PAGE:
Social commentary

Blokes, beer & banter. But can we talk about things that really matter?

Covid-19 has ruined many things. It has taken loved ones, destroyed livelihoods, damaged mental health, disrupted education and suspended much of the family and community life we hold precious. But there has been some silver linings. And for me, one of these is how much more time I have spent with my oldest group of… Continue reading Blokes, beer & banter. But can we talk about things that really matter?

Ethics & Christian living

The responsibility of the least segregated place in my community

“I think it is one of the shameful tragedies of our nation that 11 o’clock on a Sunday morning is one of the most segregated hours in Christian America…any church that stands against integration, and which has a segregated body, is standing against the spirit and teachings of Jesus Christ.”  Martin Luther King, 1960 https://www.youtube.com/watch?v=1q881g1L_d8… Continue reading The responsibility of the least segregated place in my community

Recommended books, Social commentary

‘Beware of Pity’: an old story with a timeless message

"There are two types of pity. One, the weak-minded, sentimental sort, is really just the heart’s impatience to rid itself as quickly as possible of the painful experience of being moved by another person’s suffering.” The novel Beware of Pity was first published by Austrian novelist Stefan Zweig in 1939. I have just read the… Continue reading ‘Beware of Pity’: an old story with a timeless message

Films & music, Recommended books

Recreating Narnia: an open letter to Netflix

Dear Netflix, Congratulations on acquiring the rights to The Chronicles of Narnia. I am writing to share five thoughts on what Netflix needs to bear in mind to make the series a success. I cannot claim to know anything about producing films or TV series. But I do know about Narnia. Like millions of others, the… Continue reading Recreating Narnia: an open letter to Netflix

Ethics & Christian living

We rarely know the impact of what we do (for good and bad)

In the late 1990s, I was the manager of a hostel for young people in central London. One of the residents, I’ll call him Will, had serious mental health problems. These manifested in paranoia and bizarre delusions about religious conspiracies and plots. Sadly, his health declined and the extremity of his behaviour increased. The worst… Continue reading We rarely know the impact of what we do (for good and bad)

Theology & Church

‘The Cross and Shame: speaking of atonement to a shame-filled society’ by Rebecca Winfrey [review]

A continual challenge in Christian community work and social action is the connection between the practical work being done to the actual message itself.  People can pour into church buildings for toddler groups, foodbanks, lunch clubs, youth clubs and night shelters. But often these social action programmes become detached and disconnected from the message which… Continue reading ‘The Cross and Shame: speaking of atonement to a shame-filled society’ by Rebecca Winfrey [review]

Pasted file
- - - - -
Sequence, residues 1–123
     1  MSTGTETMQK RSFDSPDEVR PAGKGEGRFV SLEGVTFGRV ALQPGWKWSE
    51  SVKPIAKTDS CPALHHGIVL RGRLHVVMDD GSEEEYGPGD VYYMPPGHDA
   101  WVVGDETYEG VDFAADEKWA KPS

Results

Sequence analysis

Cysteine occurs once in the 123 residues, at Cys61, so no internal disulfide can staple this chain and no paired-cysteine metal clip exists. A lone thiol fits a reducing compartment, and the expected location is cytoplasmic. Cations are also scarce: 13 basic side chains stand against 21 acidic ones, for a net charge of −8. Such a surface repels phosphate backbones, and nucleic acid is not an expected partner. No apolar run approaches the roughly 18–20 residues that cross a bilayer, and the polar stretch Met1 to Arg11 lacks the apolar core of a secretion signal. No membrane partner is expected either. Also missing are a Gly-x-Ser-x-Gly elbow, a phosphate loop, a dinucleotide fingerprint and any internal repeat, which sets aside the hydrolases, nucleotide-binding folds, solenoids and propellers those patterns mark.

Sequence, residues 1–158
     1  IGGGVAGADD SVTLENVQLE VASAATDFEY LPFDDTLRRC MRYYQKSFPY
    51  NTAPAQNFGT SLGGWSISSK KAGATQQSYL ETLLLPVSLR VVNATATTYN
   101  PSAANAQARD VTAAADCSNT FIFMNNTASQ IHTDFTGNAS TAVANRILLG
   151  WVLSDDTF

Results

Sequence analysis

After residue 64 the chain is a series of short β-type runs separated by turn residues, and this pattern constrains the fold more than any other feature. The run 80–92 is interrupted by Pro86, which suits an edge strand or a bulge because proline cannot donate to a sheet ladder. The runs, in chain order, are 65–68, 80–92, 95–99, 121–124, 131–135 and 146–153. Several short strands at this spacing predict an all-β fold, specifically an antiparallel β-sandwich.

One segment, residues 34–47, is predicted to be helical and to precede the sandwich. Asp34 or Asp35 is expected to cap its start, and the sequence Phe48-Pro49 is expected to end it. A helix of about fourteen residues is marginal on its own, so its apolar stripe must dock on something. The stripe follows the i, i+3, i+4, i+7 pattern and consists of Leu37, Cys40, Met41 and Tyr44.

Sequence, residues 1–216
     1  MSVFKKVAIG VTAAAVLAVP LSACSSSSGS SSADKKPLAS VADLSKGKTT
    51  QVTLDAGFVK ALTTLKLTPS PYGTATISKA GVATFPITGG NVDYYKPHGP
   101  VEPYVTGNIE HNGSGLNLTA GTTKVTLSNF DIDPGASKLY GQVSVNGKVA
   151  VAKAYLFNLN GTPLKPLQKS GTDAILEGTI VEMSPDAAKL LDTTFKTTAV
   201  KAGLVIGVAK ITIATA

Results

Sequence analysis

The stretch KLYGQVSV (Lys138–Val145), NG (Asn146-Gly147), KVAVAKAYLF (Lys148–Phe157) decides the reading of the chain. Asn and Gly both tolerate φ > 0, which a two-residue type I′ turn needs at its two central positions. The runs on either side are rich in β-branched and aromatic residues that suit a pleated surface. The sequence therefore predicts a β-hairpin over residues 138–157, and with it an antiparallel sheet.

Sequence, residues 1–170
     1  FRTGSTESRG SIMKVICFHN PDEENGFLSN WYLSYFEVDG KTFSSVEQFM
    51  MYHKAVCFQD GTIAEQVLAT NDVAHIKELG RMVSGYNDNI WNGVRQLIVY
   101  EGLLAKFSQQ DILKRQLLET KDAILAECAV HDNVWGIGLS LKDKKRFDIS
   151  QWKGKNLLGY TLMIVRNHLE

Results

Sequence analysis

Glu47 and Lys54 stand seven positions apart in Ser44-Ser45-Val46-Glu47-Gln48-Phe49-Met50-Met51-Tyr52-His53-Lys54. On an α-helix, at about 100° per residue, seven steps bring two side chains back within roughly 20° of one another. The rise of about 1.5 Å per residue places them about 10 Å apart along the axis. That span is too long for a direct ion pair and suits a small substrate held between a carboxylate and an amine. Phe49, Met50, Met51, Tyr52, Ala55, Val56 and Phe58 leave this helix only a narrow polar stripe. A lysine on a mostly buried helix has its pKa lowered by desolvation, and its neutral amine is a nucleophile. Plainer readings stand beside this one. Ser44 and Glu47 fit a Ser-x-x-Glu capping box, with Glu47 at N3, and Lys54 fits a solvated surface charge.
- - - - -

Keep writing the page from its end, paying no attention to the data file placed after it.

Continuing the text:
Social action

‘Make the community livable’: Shaftesbury’s legacy of Christian social action

Livability is a Christian organisation which is now focused on providing services and support to people affected by disability. But the organisation also has a rich history of community action and urban mission which should never be forgotten. The name Livability came into being in 2007 when the disability charity John Grooms merged with the… Continue reading ‘Make the community livable’: Shaftesbury’s legacy of Christian social action

Social commentary

The petrol station Samaritan: how ‘Namaste Man’ saved my birthday

It is my birthday this week, so with lockdown easing, our family all got in the car to visit my parents yesterday. It was our first trip together for months. My three children were especially looking forward to a slap-up (if socially-distanced) Sunday lunch cooked by their Granny. As a bonus, we were also going… Continue reading The petrol station Samaritan: how ‘Namaste Man’ saved my birthday

Ethics & Christian living

‘Hopelessness is the enemy of justice’: personal belief & social change

Bryan Stevenson graduated in law from Harvard University and went to work for men on death row in Alabama. He established the Equal Justice Initiative to provide legal support for those who had not received fair representation and whose convictions were based on weak evidence. Just Mercy is a great film about the story of… Continue reading ‘Hopelessness is the enemy of justice’: personal belief & social change

Poverty

How I learnt about structural advantage

In my summer holidays between the ages of 19 to 23, I volunteered on a holiday club for kids run with local churches in Islington in London. Growing up in more suburban areas, going into the ‘inner city’ was like venturing into another world. I helped run a group for 11-14 year olds who lived… Continue reading How I learnt about structural advantage